2. DViz (Figure 3): a drag-and-drop interface for creating visualizations. In the screenshot, we show how users can take the result of a query and generate a pie chart from it.
    Figure 3
    A screenshot of the visualization app (DViz)
  3. DataQ (Figure 4): a direct manipulation query interface for non-programmers to pose SQL queries. In the screenshot, the user first adds tables and selects columns, adds filters, then chooses not to perform any aggregation or sorting, and then saves the result as a new table.
    Figure 4
    A screenshot of query builder app (DataQ)

We are also in the process of adding apps to enable data integration and to perform simple machine learning tasks such as clustering and classification. A new DataHub app can be written and published to the DataHub App Center using our SDK via thrift-based APIs (see Section 3.3).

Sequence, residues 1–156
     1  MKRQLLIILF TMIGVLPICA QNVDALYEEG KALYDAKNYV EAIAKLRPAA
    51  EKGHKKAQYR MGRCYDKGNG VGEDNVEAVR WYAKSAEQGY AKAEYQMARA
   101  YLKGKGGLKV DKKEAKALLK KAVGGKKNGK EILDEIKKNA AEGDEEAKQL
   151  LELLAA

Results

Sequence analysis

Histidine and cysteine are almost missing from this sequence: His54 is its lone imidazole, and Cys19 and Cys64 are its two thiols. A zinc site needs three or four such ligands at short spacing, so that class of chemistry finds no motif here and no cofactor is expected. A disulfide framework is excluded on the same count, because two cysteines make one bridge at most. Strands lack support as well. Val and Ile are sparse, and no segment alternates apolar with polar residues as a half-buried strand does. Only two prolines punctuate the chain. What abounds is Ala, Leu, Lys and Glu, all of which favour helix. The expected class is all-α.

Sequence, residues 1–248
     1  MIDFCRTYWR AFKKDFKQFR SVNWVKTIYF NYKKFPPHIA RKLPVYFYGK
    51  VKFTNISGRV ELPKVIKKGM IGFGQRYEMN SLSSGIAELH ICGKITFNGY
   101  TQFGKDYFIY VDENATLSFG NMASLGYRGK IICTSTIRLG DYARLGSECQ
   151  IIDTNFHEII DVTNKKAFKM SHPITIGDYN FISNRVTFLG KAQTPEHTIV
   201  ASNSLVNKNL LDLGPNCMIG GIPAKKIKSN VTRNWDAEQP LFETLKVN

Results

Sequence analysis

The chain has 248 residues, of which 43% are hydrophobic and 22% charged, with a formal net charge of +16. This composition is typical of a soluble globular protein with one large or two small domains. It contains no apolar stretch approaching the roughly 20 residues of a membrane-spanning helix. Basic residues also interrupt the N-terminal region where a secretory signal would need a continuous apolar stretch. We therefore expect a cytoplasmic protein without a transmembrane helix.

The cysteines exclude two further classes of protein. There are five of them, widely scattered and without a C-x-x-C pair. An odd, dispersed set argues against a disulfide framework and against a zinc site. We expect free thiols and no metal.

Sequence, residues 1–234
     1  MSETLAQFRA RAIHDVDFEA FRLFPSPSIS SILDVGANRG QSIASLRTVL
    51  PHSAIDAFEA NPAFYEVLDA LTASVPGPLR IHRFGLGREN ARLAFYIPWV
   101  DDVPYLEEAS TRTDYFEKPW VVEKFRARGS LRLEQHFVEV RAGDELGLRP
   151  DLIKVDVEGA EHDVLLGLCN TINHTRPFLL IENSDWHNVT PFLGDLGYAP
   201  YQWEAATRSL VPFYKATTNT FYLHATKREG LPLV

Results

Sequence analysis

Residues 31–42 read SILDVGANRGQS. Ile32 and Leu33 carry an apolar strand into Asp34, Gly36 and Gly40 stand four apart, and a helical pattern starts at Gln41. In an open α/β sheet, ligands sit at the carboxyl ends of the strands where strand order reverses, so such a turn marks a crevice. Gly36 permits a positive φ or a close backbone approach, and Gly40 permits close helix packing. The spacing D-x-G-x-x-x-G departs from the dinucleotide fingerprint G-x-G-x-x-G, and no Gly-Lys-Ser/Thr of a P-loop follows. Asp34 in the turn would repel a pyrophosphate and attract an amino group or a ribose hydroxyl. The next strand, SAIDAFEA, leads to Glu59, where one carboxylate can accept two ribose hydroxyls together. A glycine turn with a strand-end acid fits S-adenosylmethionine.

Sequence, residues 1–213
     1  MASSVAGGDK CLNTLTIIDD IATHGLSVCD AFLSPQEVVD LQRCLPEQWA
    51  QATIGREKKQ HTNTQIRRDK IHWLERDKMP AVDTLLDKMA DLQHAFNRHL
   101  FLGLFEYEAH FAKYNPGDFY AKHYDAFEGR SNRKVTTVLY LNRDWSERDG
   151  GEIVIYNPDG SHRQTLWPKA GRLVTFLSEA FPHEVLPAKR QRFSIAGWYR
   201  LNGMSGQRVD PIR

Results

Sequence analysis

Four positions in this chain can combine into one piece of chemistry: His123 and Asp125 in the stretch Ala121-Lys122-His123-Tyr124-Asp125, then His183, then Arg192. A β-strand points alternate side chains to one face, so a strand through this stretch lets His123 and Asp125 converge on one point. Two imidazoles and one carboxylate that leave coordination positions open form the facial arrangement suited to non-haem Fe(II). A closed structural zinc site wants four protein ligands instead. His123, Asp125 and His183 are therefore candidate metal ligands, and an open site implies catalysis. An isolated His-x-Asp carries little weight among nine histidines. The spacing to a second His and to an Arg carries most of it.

3.3 Language Agnostic Hooks

We now DataHub's programming interfaces and tools for expert users. We first describe the Thrift-based API, followed by the DataHub Notebook.

Remote API

DataHub APIs are described in a Thrift [10] interface description file. Thrift is a framework for scalable cross-language services development. Using Thrift, we are able to generate language bindings for DataHub in a number of different programming languages, including Go, C++, Java, Python, Ruby, and JavaScript. For instance, the Python binding can be generated as follows:

thrift --gen py datahub.thrift

Once the RPC stubs are generated, a python program can call DataHub APIs. A simple code snippet is shown below.

transport = THttpClient.THttpClient(‘https://datahub.csail.mit.edu/service’)